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Low Dose Naltrexone: An Effective Treatment for Chronic Pain and Fatigue


By Jessica Kelner, D.O. - May 8, 2019

Low-dose naltrexone (LDN) is often confused with naltrexone, which is a pharmaceutical medication that is typically used in higher doses of 50 mg or more to treat conditions such as alcohol and narcotic medication addiction as well as other opiate abuse. Naltrexone is an opiod antagonist. This means it is meant to bind to opioid receptors in the body and traditionally would block medications or drugs that bind to the receptor. 

Low-dose
 naltrexone (LDN) is a much lower dose than the traditional naltrexone dose.  LDN is  compounded by a reliable pharmacist specifically for each patient to make the doses very low. The dose of LDN starts between 1.0 to 4.5 mg of naltrexone/dose.  The lower dose of naltrexone helps the body combat chronic illness states.

LDN works by reducing inflammation in the brain caused by over-active microglia. Microglia are a type of glial cell of the Central Nervous System (CNS) (brain and spinal cord) and an important line of defense. When there is an assault on the CNS, the microglia are activated and release inflammatory substances (called cytokines) to destroy the foreign invaders. When the assault is over, the microglia go back to their normal resting state. However, when they react too often from repeated injury, infection, toxins, traumas, or emotional blows, they can  remain hyperactive, keeping the brain in a chronic state of inflammation.  

LDN also causes an adaptive increase in endorphin and enkephalin production (chemicals in the body that make you feel less pain). Endorphin and Enkephalin molecules work on opioid receptors to produce analgesia (pain relief).  The increase in endorphins also helps to normalizes immune response.  Additionally, it increases Met (5) aka Opioid Growth Factor which regulates cell division in normal and abnormal cells.  This may be why LDN is helpful in cancer. 

The inflammatory cytokines created by an assault to the CNS can increase pain sensitivity and fatigue and trigger other inflammation cascades in the body. Although doctors and scientists can't say what specifically causes fibromyalgia, it’s suspected that chronic glial cell activation is involved. This may explain why a 2010 study of LDN treatment in women with fibromyalgia found a 30% reduction in symptom severity. An even stronger response in symptom reduction has been found in studies on patients with Crohn’s Disease; Up to 80% saw significant improvement.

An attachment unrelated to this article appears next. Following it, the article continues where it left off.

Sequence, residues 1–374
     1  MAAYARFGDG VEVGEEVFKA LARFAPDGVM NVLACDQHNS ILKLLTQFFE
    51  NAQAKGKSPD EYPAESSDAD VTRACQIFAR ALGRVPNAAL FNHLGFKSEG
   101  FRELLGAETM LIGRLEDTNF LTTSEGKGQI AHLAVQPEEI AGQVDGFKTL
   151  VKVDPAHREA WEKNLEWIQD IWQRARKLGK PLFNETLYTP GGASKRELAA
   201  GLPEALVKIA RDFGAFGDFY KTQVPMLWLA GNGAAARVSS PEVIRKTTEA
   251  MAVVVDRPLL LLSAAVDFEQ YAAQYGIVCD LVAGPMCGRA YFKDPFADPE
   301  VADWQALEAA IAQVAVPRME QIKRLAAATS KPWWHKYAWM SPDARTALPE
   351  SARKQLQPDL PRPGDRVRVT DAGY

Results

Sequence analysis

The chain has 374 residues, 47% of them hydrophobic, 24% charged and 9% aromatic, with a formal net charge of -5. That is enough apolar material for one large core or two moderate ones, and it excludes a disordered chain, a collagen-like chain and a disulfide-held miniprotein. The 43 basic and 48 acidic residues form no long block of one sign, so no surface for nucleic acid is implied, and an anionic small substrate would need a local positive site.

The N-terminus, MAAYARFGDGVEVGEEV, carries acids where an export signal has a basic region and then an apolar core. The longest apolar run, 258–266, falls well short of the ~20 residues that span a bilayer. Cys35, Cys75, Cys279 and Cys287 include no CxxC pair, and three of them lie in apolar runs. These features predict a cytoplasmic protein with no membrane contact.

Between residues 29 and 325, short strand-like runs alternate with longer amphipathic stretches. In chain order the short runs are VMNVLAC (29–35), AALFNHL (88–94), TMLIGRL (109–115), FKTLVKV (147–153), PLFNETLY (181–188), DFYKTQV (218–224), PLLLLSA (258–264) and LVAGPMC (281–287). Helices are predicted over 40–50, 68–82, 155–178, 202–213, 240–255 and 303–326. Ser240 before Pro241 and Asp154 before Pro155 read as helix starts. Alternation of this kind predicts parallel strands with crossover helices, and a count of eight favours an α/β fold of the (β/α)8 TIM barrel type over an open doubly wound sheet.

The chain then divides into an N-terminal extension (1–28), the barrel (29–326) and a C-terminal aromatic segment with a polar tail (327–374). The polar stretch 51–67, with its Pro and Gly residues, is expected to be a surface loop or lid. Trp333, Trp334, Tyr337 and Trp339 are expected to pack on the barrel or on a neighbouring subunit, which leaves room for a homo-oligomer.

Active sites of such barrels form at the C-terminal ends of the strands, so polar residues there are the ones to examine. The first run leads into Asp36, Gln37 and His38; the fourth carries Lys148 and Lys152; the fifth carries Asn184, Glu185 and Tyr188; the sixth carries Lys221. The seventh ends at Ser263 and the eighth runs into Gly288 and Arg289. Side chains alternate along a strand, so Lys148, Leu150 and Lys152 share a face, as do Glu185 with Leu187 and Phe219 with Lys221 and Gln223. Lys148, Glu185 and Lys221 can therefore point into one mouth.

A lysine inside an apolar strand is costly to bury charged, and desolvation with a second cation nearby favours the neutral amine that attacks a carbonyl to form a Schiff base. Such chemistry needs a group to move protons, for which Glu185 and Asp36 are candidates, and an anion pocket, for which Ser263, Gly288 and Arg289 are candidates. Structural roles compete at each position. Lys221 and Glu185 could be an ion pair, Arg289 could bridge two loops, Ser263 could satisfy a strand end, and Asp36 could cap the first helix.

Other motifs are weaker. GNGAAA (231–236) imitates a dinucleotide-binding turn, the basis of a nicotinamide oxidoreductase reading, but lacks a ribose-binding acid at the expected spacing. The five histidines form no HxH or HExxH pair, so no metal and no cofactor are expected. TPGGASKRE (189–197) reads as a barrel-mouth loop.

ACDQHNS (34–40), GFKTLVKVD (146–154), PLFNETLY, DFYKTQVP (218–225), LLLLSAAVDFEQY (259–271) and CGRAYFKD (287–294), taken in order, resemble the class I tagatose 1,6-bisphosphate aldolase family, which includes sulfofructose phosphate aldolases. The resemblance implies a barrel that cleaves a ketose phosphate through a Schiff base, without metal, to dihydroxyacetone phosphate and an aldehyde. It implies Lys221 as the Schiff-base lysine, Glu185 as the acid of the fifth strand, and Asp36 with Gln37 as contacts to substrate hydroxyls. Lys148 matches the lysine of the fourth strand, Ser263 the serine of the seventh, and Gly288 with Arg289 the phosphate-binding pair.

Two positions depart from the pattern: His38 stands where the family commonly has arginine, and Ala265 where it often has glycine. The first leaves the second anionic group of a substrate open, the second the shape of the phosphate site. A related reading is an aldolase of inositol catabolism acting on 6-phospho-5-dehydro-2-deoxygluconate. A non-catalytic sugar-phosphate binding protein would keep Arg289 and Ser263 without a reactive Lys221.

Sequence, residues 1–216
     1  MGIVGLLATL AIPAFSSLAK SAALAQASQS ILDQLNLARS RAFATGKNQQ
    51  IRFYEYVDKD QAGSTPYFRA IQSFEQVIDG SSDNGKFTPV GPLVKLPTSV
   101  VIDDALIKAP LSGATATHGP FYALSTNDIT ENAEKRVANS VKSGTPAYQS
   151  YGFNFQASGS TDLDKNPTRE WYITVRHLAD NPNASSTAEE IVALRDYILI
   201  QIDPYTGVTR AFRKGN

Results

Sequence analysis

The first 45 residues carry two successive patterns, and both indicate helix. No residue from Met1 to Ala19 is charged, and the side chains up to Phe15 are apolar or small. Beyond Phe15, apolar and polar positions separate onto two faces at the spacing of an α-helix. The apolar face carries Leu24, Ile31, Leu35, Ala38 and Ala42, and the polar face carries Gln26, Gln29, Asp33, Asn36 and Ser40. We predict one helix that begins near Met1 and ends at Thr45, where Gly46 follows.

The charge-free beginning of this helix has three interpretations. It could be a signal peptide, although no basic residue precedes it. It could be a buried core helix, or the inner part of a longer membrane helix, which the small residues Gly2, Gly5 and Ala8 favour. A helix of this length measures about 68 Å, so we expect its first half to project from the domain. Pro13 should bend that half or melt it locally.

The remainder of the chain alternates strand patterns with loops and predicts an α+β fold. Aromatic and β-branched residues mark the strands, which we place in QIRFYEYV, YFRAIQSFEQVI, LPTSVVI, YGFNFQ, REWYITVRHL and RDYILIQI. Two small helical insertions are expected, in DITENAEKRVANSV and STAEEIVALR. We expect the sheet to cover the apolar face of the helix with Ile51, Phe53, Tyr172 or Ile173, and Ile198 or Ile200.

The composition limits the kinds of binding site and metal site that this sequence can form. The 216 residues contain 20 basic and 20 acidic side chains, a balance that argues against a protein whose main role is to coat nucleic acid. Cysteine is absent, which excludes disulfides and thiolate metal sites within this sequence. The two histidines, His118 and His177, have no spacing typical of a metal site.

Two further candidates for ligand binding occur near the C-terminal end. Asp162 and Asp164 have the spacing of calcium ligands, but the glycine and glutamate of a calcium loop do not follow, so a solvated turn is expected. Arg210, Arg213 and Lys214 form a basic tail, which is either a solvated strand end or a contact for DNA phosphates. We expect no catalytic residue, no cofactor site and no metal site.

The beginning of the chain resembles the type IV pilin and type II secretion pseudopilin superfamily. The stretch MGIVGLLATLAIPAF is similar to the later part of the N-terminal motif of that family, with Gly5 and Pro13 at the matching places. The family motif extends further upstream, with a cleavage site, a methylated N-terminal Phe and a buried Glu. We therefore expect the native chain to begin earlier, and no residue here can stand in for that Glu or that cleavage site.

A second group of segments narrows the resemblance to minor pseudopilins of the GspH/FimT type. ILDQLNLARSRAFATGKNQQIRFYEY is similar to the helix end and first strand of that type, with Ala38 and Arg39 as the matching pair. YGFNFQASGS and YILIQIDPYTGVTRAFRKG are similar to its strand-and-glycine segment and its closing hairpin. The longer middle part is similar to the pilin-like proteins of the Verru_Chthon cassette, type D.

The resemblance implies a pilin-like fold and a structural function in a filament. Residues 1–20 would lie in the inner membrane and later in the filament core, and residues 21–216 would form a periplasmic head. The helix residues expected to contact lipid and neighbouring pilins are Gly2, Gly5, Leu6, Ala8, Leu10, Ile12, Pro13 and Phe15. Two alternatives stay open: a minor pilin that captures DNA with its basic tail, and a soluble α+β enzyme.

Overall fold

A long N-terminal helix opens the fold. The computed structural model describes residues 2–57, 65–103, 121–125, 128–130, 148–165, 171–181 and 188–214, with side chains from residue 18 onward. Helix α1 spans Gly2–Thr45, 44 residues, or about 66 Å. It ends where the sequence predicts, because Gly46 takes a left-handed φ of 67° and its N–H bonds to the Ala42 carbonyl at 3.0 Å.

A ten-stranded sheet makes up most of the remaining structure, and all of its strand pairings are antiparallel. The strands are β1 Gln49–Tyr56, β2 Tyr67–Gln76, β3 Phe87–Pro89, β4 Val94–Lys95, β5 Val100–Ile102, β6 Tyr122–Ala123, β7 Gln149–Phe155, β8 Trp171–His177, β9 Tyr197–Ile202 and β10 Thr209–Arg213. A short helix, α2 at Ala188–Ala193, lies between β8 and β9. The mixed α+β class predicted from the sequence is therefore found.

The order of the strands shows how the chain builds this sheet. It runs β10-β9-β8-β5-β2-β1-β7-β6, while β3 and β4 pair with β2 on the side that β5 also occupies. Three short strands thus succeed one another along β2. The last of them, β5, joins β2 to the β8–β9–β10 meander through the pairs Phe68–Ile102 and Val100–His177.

The effect that LDN has on chronic pain caused by autoimmune conditions like psoriatic arthritis works similarly, suppressing glial cells and therefore reducing inflammation. In addition, as mentioned before, there’s some evidence that LDN retains some of its regular dosing activity and blocks opioid receptors, which causes the body to release more endorphins, thus reducing pain.

Research on LDN suggests that it’s able to suppress the inflammatory response of the microglia.  Some of the inflammatory conditions that have shown to benefit from LDN include fibromyalgiamultiple sclerosisCrohn’s diseasecomplex regional pain syndrome and cancer.
Other conditions LDN may treat are: Autoimmune conditions such as: Multiple Sclerosis, Hashimoto’s Thyroiditis, Rheumatoid Arthritis, Lupus, Celiac, Ulcerative Colitis, Crohn's,  as well as IBS/IBD, Eczema, Psoriasis, and Chronic Fatigue. 

Because low-dose naltrexone blocks opioid receptors,  you cannot continue taking narcotic pain medication with LDN.  Otherwise, LDN has virtually no side effects and is well tolerated by most patients. Most people notice an increase in dreaming and some people notice a bit of sleep disruption during the initial few days of treatment but this improves over time.

You can read more about low-dose naltrexone for auto-immune disorders, and other illnesses at www.lowdosenaltrexone.org.

If you have questions about Low Dose Naltrexone or would like to know if this is the right treatment for you, please contact FORM Medical today 720-370-9559.